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How David Attenborough changed the world

How David Attenborough changed the world

As the naturalist’s new series Seven Worlds, One Planet airs on BBC One, we look back on his life achievements

At 93, Sir David shows no signs of slowing down, and neither does climate change – all the more reason why his latest series is vital viewing

Seven Worlds, One Planet, Sunday 27 October, 6.15pm, BBC One HD (CH 101/108). Also available for 30 days in Catch Up > Channels > BBC iPlayer

In interviews, Attenborough baulks at the mere mention of retirement and has said: “You never tire of the natural world. Putting your feet up is all very well, but it’s very boring, isn’t it?” Well, we’re not exactly making it easy for him to do so either. The world is in the midst of a climate crisis and his latest natural history series hopes to spread awareness with a conservationist message about its impact on the place we call home.

 

The series aims to do for climate change what Blue Planet II did for the war on plastic waste. And when the nation’s spiritual grandfather has a message to tell you, you know to sit down and listen! Four years in the making and made possible by more than 1,500 people, Seven Worlds, One Planet showcases animals in their natural habitats across the seven continents.


Before you tune in, celebrate a lifetime of Attenborough’s achievements with our round-up of some of his most noteworthy contributions. Well, we don’t have enough space to list them all, you know…

 

He’s the father of natural history programming

Find Zoo Quest in Catch Up > Channels > BBC iPlayer

Attenborough first joined the BBC as a trainee in 1952. His 1954 series Zoo Quest combined live studio presentation with footage shot on location for the very first time. Viewers at home were wowed by shots of animals such as chimpanzees, pythons and birds of paradise in far-flung locations, driving a blue whale-size appetite for the format. Zoo Quest also marked the first time a Komodo dragon was caught on camera. Attenborough even brought animals he encountered during filming back to the UK so they could become part of London Zoo’s permanent collection.

 

He’s partly responsible for colour telly!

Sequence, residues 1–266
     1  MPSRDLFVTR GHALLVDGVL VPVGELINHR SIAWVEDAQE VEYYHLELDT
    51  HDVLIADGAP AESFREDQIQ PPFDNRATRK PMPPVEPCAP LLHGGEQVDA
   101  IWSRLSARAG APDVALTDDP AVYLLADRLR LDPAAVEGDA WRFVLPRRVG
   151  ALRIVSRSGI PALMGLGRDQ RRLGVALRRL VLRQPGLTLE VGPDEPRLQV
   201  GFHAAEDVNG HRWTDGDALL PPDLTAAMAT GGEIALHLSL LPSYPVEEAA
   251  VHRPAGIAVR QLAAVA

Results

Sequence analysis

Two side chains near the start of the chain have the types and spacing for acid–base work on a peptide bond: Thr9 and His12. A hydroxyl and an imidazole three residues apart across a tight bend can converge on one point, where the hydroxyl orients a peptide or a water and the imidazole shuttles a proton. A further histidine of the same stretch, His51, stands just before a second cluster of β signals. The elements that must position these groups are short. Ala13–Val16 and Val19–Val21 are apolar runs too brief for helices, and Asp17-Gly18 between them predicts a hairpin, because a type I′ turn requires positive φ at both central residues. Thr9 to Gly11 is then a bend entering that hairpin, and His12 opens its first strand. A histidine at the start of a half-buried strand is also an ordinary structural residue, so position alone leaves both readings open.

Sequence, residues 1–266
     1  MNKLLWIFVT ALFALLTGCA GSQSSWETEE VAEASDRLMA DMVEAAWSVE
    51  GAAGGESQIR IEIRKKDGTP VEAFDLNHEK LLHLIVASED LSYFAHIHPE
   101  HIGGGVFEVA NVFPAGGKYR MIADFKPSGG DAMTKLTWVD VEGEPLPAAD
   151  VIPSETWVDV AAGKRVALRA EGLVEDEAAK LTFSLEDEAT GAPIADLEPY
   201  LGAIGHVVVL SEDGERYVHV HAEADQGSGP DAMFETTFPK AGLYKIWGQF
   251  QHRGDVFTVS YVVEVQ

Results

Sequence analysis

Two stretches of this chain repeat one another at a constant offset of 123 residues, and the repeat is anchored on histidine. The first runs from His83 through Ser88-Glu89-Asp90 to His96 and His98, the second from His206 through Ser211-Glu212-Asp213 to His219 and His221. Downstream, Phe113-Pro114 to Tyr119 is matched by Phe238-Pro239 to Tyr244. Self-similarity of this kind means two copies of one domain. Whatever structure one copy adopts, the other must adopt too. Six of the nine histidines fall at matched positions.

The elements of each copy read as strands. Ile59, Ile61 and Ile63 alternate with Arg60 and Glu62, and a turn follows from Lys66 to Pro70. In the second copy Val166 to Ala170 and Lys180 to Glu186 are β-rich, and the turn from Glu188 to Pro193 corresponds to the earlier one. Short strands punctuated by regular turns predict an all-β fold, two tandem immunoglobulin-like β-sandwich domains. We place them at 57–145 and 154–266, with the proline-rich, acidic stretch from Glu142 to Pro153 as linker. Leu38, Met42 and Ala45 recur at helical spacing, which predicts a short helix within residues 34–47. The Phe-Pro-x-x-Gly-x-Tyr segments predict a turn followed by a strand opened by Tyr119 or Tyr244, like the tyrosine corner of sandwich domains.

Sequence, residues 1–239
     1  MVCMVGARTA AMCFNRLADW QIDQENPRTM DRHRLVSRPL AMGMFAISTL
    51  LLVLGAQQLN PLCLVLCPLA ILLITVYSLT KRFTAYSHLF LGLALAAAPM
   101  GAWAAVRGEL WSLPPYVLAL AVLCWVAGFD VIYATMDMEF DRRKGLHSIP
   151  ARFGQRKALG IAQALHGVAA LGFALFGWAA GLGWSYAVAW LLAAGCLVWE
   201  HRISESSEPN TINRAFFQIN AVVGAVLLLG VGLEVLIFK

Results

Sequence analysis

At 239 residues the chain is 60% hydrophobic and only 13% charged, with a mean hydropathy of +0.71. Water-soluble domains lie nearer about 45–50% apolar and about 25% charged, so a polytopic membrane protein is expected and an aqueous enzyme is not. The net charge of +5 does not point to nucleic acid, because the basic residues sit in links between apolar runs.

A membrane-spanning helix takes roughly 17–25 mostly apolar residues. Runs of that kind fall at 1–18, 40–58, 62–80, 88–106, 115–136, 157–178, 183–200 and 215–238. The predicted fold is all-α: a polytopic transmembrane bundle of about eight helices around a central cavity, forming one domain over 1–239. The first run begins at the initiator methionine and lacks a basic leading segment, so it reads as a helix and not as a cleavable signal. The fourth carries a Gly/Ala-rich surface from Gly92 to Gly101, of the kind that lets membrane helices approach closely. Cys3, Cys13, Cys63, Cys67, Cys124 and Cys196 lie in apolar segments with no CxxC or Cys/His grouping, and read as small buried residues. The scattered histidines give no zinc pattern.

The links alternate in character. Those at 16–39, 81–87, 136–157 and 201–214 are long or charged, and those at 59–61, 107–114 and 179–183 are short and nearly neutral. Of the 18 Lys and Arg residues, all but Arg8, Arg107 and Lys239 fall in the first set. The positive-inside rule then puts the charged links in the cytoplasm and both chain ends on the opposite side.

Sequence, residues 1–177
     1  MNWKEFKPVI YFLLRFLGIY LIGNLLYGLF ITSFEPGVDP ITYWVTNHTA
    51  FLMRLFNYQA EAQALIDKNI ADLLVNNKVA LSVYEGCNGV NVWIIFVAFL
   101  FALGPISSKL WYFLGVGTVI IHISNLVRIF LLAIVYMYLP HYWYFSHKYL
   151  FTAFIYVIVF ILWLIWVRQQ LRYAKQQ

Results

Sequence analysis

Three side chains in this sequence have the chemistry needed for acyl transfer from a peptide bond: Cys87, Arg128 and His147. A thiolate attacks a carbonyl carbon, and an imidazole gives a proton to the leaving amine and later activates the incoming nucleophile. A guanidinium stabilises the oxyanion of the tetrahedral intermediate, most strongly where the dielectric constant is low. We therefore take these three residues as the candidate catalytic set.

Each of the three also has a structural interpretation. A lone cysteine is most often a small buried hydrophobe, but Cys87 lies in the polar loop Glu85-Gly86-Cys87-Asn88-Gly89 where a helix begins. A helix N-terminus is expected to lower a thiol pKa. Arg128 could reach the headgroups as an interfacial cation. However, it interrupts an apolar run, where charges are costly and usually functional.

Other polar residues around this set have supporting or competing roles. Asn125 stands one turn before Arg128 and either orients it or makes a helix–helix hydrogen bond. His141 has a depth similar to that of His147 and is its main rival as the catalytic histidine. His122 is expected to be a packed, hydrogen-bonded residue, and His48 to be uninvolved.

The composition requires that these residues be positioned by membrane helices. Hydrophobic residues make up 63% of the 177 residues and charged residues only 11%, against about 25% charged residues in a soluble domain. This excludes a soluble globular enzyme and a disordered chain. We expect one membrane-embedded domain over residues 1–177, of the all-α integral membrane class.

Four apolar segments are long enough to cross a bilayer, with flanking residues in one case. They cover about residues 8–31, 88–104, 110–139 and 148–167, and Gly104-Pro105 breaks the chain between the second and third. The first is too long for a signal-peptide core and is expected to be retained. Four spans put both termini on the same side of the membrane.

In 1965, while working as controller of BBC Two, Attenborough oversaw the first colour broadcasts in Europe, beating out German broadcasters by three weeks. He later commissioned the acclaimed series Civilisation, which allowed history, culture and science to shine on the small screen like never before. And as the BBC’s director of programmes in 1969, he helped further our cultural education yet again by commissioning Monty Python’s Flying Circus. Who knew?!

 

He encouraged us to clean up our act

Find Blue Planet II in Catch Up > Channels > BBC iPlayer

Blue Planet II’s final episode showed albatrosses feeding their chicks plastic, and it shook viewers to their core. Attenborough’s rallying message – “The future of all life now depends on us” – inspired people to act, and fast.

 

Research reveals that 88% of people who watched the programme have since changed their behaviour as a result, with half of these people saying they have “drastically changed” their behaviour. Added to this, a multitude of businesses pledged to use less plastic and discussions were sparked in parliament, resulting in even greater public awareness.

 

He lets nature run its course (most of the time)

Find Dynasties in Catch Up > Channels > BBC iPlayer

Attenborough and the teams he works with are generally against interfering with the natural order of things. For example, if an animal is going to be killed and eaten, it is not the film-makers’ job to intervene – no matter how cute or fluffy the critter. But when a group of emperor penguins became hopelessly stuck in a ravine during the filming of Dynasties, the film crew decided to dig a trench to enable them to escape. Executive producer Mike Gunton said Attenborough told him he “would have done the same”.

 

He warned us about climate change decades ago… and is still warning us about it today

David Attenborough addresses the crowd at Glastonbury Festival 2019


At this year’s Glastonbury Festival, Attenborough introduced a four-minute teaser of the show, saying: “We will see how life developed on each continent and so gave rise to the extraordinary and wonderful diversity we know today. And we will see why this precious diversity is being lost.” Seven Worlds, One Planet, which marks the first time the BBC Natural History Unit has explored every continent in a single TV series, achieves this remarkable feat through a dazzling blend of cutting-edge filming techniques and urgent, powerful commentary.

 

Seven Worlds, One Planet

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Image credit: Seven Worlds One Planet © BBC Studios – Photographer: Chadden Hunter